In the Stratus conference rooms next to the main gaming area are the role-playing game events. The Dungeons & Dragons Adventurers League is also there running organized D&D events. SaltCON also allows you to join games from a variety of systems with game masters running campaigns ranging from Call of Cthulhu and The Witcher RPG to Star Wars d20 and Buffy the Vampire Slayer. There are campaigns that span the entirety of the convention and smaller one-shot events that happen in the space of a few hours. Going through the schedule of events gives you a great idea of just how many RPG systems there are.
Buying, Selling, and Exhibiting
SaltCON always has a very busy game swap area where you can sell your games and buy games from other attendees. I found myself stopping into the swap multiple times each day, just to see what had been added. I found nostalgic items like Scotland Yard, published by Milton Bradley in the US in the ’80s. There were brand new games, small card games, Kickstarter special editions, and out-of-print games. As is common, most of the games had a Venmo code on them, so all you had to do was scan the code, pay the seller, and the game was yours. As I spoke to people in the swap area, the common theme seemed to be that people were somehow buying more games than they sold… funny how that happens.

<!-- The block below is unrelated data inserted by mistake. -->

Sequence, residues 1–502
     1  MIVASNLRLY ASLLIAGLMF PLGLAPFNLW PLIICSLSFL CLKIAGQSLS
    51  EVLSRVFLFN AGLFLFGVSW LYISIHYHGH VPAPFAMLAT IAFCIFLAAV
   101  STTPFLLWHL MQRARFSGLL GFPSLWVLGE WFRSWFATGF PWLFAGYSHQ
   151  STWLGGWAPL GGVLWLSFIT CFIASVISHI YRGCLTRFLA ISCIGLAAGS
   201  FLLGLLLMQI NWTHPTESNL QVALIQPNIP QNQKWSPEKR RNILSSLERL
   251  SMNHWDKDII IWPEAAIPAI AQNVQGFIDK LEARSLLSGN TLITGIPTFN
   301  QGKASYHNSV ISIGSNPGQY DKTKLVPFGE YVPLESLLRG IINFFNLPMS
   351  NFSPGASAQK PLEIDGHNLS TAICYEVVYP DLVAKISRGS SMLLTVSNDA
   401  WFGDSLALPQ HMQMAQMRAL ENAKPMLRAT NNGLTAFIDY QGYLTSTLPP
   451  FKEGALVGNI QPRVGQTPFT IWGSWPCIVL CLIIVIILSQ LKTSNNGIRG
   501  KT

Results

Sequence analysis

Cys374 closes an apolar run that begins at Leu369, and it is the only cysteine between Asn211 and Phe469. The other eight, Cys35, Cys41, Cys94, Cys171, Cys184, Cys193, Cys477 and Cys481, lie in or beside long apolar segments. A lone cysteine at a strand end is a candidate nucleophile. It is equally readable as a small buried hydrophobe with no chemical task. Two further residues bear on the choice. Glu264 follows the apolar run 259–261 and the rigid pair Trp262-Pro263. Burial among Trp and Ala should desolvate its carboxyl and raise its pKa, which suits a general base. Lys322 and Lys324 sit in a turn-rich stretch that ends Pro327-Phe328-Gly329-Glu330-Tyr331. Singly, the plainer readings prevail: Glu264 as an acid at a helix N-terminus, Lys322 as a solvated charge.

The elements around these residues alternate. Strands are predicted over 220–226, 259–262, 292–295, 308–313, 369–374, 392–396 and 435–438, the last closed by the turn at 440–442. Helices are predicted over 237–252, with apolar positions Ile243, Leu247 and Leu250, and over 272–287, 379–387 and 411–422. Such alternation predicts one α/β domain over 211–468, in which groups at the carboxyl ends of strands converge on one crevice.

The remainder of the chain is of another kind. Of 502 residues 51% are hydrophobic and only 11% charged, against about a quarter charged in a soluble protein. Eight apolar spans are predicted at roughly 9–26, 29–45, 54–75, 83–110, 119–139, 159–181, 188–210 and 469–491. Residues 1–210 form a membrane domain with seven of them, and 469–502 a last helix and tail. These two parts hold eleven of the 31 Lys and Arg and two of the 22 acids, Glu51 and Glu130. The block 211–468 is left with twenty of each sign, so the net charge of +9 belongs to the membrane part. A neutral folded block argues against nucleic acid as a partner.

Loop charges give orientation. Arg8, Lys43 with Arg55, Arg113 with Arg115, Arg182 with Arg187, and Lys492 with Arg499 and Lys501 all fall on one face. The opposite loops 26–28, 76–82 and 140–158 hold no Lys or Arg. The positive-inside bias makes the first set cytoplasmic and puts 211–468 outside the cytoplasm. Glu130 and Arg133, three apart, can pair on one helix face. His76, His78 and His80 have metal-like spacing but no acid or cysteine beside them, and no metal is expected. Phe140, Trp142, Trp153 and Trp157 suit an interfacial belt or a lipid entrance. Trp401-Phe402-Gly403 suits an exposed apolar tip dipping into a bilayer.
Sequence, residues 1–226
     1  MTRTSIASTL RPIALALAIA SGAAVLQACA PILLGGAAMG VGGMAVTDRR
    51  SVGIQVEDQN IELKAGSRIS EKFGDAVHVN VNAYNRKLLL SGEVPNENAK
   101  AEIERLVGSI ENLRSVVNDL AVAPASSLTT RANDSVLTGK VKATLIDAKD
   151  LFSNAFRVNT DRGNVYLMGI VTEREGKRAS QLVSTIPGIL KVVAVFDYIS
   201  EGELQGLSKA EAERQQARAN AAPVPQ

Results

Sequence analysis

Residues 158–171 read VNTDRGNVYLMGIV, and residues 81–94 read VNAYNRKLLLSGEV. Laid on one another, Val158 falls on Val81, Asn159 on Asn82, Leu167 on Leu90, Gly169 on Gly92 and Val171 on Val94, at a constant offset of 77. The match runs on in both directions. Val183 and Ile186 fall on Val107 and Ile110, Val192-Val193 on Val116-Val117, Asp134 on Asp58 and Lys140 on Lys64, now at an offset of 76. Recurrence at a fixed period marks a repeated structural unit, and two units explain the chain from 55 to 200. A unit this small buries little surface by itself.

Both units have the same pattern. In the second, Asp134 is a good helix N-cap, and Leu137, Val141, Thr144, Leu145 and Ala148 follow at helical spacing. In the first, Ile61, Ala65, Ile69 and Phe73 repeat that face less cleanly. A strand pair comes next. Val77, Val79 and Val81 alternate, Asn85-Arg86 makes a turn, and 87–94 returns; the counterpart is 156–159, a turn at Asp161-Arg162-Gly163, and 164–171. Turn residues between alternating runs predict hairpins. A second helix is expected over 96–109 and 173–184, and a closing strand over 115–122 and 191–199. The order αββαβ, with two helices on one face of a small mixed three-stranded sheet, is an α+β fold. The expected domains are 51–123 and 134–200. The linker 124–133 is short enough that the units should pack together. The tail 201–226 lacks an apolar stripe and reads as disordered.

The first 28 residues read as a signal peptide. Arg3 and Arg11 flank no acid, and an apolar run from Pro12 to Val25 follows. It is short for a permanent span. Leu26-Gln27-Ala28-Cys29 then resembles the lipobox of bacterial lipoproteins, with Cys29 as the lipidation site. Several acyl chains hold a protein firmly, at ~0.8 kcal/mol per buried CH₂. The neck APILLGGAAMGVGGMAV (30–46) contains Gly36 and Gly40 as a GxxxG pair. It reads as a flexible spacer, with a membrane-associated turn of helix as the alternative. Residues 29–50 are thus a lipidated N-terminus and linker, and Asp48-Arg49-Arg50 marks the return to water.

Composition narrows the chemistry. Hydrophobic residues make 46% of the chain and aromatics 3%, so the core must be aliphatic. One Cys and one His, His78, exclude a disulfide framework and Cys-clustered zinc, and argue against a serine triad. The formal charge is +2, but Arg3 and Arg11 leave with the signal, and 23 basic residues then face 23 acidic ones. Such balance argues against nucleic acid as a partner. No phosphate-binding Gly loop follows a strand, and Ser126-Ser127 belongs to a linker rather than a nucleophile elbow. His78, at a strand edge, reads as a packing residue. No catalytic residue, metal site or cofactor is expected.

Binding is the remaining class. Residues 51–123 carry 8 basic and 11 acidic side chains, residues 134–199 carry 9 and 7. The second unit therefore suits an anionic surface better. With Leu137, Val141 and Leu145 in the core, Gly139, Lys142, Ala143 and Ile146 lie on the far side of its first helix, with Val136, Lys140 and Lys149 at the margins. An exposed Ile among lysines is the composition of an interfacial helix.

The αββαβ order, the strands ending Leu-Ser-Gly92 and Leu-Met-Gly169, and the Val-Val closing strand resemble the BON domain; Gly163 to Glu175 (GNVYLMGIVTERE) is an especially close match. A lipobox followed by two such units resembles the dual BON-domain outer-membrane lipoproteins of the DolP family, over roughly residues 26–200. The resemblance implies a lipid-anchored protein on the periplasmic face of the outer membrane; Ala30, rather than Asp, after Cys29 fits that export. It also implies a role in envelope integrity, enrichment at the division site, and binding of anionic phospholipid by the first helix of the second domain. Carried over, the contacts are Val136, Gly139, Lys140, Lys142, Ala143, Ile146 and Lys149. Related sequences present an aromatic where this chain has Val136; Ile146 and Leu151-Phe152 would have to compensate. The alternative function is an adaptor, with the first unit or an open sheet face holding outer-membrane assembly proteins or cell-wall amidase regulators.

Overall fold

The exhibition hall is always a joy to walk around, talking to vendors about their products, and finding out about new products coming to market. The main booths were occupied by Board and Dice, Eagle Gryphon Games, and Binary Cocoa. They all had several of their more popular games available for attendees to try, with Board and Dice showing off Founders of Teotihuacan and offering preorders for local pickup, which was a nice bonus.